Biology Translocation in plantsWatch
a ) Describe fully ,in sequence, the different processes that were responsible for the radioactivity getting from the air around the plant to its roots.
b ) The same experiment was tried with an identical plant , but in dimmer light. No radioactivity reached this plant’s roots. Suggest why this was the case.
Hello, I would like some help with answering this question. I have read the appropriate chapters from my textbook but I am still a little unsure and would appreciate help in answering or correcting my initial answers.
For the first question (which is worth 9 Marks) I have answered as follows:
The overall process at work in this experiment is translocation, the movement of sucrose and amino acids in the phloem.
The first process to take place will be photosynthesis. The air surrounding the plant is known to contain radioactive carbon dioxide, as such when photosynthesis occurres the radioactive carbon dioxide, in addition to water and energy are taken into the plant to produce glucose and oxygen.
However, since the plant has now been exposed to radioactive carbon dioxide it will cause the glucose produced to be radioactive (contain radioactive carbon atoms).The second process is therefore the production of radioactive glucose.
These are the third processes:
-The manufactured glucose is then either turned into starch and stored in the chloroplasts until it is needed.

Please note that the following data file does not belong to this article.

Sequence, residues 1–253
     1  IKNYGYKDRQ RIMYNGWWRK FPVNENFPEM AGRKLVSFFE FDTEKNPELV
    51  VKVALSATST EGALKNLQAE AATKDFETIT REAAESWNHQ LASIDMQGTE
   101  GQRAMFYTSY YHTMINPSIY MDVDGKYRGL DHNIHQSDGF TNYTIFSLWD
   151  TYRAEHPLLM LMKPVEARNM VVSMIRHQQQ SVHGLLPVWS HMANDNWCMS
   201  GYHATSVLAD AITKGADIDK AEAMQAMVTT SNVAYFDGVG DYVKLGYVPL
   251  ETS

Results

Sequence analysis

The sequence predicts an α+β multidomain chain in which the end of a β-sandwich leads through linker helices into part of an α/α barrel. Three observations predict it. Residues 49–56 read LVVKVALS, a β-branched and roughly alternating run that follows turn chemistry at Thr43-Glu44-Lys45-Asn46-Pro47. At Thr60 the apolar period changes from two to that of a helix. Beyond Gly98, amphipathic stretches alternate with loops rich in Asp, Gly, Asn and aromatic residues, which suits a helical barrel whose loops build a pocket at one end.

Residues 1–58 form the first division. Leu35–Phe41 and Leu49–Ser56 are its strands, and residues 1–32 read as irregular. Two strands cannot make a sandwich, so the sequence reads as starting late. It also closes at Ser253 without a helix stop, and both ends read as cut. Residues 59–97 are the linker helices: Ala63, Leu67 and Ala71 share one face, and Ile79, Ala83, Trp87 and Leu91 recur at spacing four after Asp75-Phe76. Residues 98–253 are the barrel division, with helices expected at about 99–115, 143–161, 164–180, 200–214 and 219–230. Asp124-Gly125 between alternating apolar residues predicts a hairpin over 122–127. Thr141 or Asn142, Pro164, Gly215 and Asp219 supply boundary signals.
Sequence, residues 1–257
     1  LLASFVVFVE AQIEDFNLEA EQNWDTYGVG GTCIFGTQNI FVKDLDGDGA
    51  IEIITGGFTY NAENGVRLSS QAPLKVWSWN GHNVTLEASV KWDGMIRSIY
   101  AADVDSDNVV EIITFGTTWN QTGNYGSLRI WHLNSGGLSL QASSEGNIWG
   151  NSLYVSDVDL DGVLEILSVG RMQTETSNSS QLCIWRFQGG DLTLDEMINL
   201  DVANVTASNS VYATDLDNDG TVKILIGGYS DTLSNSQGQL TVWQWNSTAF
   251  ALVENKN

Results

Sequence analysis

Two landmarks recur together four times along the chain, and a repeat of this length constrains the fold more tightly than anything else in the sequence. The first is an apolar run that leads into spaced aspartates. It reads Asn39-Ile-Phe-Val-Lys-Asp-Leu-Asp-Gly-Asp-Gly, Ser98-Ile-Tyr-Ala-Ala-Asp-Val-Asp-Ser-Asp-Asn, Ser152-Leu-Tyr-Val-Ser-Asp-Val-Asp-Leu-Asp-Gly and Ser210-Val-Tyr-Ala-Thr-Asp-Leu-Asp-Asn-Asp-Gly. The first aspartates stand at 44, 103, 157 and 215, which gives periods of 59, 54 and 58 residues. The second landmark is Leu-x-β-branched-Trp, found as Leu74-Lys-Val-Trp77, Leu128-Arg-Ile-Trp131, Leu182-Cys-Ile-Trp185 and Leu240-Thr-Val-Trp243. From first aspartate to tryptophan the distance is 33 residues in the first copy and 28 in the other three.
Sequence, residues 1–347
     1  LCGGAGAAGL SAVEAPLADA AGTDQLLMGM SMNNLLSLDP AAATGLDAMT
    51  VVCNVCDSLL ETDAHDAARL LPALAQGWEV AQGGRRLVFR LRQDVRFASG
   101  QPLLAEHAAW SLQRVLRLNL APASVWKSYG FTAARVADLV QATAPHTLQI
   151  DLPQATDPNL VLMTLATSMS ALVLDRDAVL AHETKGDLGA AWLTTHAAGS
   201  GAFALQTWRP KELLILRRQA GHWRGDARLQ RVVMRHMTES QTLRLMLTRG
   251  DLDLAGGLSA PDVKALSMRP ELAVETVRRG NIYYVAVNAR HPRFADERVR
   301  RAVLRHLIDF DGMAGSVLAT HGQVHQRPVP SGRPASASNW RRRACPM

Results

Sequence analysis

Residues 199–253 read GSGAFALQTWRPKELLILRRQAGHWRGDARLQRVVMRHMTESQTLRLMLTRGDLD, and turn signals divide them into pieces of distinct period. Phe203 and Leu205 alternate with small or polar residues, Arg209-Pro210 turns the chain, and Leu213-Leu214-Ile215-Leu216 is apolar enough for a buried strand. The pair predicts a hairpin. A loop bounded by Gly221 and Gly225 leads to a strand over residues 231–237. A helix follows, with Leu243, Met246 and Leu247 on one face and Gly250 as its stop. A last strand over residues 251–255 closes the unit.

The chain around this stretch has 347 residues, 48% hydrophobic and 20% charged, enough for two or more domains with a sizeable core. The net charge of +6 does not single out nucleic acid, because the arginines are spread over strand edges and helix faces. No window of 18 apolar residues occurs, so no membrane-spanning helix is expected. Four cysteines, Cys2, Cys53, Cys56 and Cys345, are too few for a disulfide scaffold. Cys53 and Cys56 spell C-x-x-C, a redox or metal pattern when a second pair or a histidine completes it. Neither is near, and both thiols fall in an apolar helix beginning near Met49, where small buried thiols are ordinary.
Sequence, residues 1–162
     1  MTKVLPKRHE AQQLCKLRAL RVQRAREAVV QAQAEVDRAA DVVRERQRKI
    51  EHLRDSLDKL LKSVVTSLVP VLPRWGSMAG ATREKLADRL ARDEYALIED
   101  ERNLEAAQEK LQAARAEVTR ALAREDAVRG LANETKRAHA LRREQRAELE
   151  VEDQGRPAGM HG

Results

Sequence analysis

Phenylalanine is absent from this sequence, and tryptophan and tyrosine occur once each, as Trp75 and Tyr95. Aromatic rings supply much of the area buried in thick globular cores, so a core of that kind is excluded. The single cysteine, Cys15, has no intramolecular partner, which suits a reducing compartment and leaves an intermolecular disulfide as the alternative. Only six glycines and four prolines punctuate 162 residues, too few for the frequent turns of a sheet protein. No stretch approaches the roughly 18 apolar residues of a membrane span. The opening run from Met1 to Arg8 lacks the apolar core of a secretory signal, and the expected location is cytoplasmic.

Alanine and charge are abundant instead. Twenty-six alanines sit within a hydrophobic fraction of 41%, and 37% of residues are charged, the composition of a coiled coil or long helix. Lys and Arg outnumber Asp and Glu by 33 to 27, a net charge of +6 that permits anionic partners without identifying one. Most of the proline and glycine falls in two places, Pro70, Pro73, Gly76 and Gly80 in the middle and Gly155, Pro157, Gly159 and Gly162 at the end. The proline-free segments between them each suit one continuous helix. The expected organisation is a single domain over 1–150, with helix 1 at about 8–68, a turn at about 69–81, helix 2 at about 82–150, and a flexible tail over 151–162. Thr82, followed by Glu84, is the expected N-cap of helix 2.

- Used in combination with nitrate ions in solution in the xylem to produce amino acids.
- Or converted into less reactive sucrose to allow for greater room for glucose and starch production.
Organs within the plant require amino acids to make proteins and glucose for energy release during respiration, even more so within growing plants where new leaves, roots, etc. are being produced.
Consequently, the amino acids and sucrose are translocated in the phloem in sieve tubes. The sieve tubes contain cytoplasm and are assisted by by companion cells which supply energy for the transportation of sucrose and amino acids. The sucrose and amino acids are transloacted from the leaves to travel throughout the plant, often to the growing regions of the root or shoot. Since the glucose was radioactive the converted sucrose in addition to the amino acids and stored starch are all radioactive. The radioactive sucrose and amino acids travel to the growing regions, or roots, where amino acids are used to produce proteins to create cytoplasm, and the sucrose is used for energy release during growth and respiration. When the radioactive sucrose and amino acids reach the roots of the plant, and these processes take place, the roots of the plant henceforth become radioactive.
This is the fourth process.
For the second question I am not sure how to answer. It is worth two marks. Would it be to do with the light intensity providing less energy for respiration in dimmer light? This would reduce the amount carbohydrates and amino acids being produced because the plant does not photosynthesis as quickly in dimmer light. As such they do not reach the roots via translocation as quickly, or within the same time frame as the other plant. Additionally would the carbohydrates and amino acids that were produced be used up by the cells producing them?
Any help would be appreciated 😊
Dimmer light would result in a decrease is photosynthesis as less light is being provided. If there is a decrease in photosynthesis then there will be less organic substances (Such as glucose) being made and as a direct result less CO2 will be absorbed.